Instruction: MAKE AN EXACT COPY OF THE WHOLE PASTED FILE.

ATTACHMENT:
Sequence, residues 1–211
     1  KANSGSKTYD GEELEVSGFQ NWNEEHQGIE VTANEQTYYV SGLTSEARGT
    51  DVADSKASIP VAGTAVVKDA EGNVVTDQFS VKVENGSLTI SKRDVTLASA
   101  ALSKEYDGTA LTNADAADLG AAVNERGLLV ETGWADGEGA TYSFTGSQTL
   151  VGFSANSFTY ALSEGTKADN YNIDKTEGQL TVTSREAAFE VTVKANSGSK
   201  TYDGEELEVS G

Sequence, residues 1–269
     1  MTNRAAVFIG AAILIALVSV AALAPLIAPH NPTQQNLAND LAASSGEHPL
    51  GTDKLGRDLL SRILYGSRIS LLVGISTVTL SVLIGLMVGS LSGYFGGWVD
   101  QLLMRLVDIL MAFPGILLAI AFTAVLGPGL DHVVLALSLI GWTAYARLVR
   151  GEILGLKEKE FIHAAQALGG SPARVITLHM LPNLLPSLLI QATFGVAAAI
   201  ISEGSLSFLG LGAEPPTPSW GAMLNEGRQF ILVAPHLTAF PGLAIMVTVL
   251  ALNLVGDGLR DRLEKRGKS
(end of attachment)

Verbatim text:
Sequence, residues 1–211
     1  KANSGSKTYD GEELEVSGFQ NWNEEHQGIE VTANEQTYYV SGLTSEARGT
    51  DVADSKASIP VAGTAVVKDA EGNVVTDQFS VKVENGSLTI SKRDVTLASA
   101  ALSKEYDGTA LTNADAADLG AAVNERGLLV ETGWADGEGA TYSFTGSQTL
   151  VGFSANSFTY ALSEGTKADN YNIDKTEGQL TVTSREAAFE VTVKANSGSK
   201  TYDGEELEVS G

Sequence, residues 1–269
     1  MTNRAAVFIG AAILIALVSV AALAPLIAPH NPTQQNLAND LAASSGEHPL
    51  GTDKLGRDLL SRILYGSRIS LLVGISTVTL SVLIGLMVGS LSGYFGGWVD
   101  QLLMRLVDIL MAFPGILLAI AFTAVLGPGL DHVVLALSLI GWTAYARLVR
   151  GEILGLKEKE FIHAAQALGG SPARVITLHM LPNLLPSLLI QATFGVAAAI
   201  ISEGSLSFLG LGAEPPTPSW GAMLNEGRQF ILVAPHLTAF PGLAIMVTVL
   251  ALNLVGDGLR DRLEKRGKS